"He does it in every category," a veteran NFL defensive coach told ESPN's Jeremy Fowler. "If he had [Jacksonville Jaguars defensive end] Josh Allen's athletic ability, he would be No. 1 on this list [of top-10 edge-rushers for 2020]."
Watt incrementally improved in each of his three seasons to the point where he should be a regular addition to NFL Defensive Player of the Year conversations. A small tweak to Pittsburgh's defensive approach allowed the linebacker to establish more comfort a year ago, which should help his progression.
The Steelers coaching staff swapped Watt and Bud Dupree, and the third-year defender finally played his natural position on the left side. Watt admitted something wasn't quite right while he played on the other side during an interview with Teresa Varley of the team's official site:
"I don't know why, but on the right side I felt like I couldn't see through the left tackle to the quarterback to see what was happening. On the left side, I felt more comfortable. I could see the quarterback's arm motion. I could get up and affect more passes, even though I didn't bat down nearly as many passes as I wanted to. I am a right-handed dominant player too. Overall, it was way more comfortable. If I go over to the right side now for a rep or two, it feels weird."
Watt went from a Pro Bowler with 13 sacks during the '18 campaign to one of the game's elite as a first-team All-Pro after making the change.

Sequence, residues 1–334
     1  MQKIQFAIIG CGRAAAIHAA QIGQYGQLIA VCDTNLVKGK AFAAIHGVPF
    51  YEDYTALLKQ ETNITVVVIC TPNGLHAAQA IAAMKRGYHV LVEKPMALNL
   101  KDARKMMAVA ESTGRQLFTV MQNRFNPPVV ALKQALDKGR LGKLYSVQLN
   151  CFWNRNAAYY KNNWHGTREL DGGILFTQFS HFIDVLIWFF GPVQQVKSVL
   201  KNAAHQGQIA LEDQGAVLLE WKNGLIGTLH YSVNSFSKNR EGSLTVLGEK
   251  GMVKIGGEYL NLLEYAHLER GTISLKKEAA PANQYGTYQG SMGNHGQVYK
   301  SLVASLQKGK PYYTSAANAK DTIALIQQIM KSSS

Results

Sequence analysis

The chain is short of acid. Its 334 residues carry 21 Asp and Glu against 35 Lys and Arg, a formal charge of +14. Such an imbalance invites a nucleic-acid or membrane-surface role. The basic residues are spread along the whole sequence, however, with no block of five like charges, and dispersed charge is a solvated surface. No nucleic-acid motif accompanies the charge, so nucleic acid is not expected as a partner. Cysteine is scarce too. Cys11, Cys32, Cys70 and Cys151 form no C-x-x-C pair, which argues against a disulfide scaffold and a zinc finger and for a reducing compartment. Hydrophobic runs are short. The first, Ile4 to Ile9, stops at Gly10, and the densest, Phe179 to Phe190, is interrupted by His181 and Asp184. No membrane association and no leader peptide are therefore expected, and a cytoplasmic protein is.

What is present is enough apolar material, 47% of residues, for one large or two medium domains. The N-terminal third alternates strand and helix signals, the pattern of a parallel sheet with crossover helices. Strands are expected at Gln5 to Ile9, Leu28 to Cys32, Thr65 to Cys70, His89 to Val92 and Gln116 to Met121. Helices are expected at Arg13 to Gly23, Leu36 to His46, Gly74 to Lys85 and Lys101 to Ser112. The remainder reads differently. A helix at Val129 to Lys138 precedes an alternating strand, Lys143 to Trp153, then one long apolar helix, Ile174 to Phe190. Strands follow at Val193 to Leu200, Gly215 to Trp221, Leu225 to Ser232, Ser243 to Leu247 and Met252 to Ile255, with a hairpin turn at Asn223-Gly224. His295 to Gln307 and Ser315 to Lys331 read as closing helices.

Only three players—the Los Angeles Rams' Aaron Donald, Arizona Cardinals' Chandler Jones and Minnesota Vikings' Danielle Hunter—managed more sacks than Watt's 27.5 over the last two seasons. All three are locked into significant deals signed within the last three years.
The league's ongoing issues during the COVID-19 pandemic could be problematic as the Steelers attempt to extend Watt. The '21 salary cap could dip as low as $175 million, which is $23.2 million less than this season's cap. However, the previous number could vary if revenues this fall are better than expected, per NFL Network's Mike Garafolo.
In a worst-case scenario, the Steelers are already a projected $17.9 million over next season's cap number, though other organizations are in worse financial predicaments.
How could Pittsburgh possibly make Watt the game's highest-paid defender during these trying financial times? The deal can be structured similarly to Garrett's.
The front office can add to the existing two years on Watt's deal, thus minimizing his salary-cap hits before balloon payments come due in '22 and beyond. As of the '22 campaign, the Steelers will have far more wiggle room since a series of hefty pacts, such as those of Cameron Heyward, Alejandro Villanueva, Maurkice Pouncey, Joe Haden and Ben Roethlisberger will be off the books as Pittsburgh looks to transition away from its aging core.
Watt will then become the franchise cornerstone, with Stephon Tuitt, Minkah Fitzpatrick, JuJu Smith-Schuster, Mike Hilton and Devin Bush Jr. potentially being key contributors over the long haul.
The 25-year-old Watt is an excellent representative and potential face of Steelers football as one of the best defenders in the game. His eventual contract extension should reflect his standing with the organization, and the asking price is already established, with Garrett and then Bosa setting the table for discussions.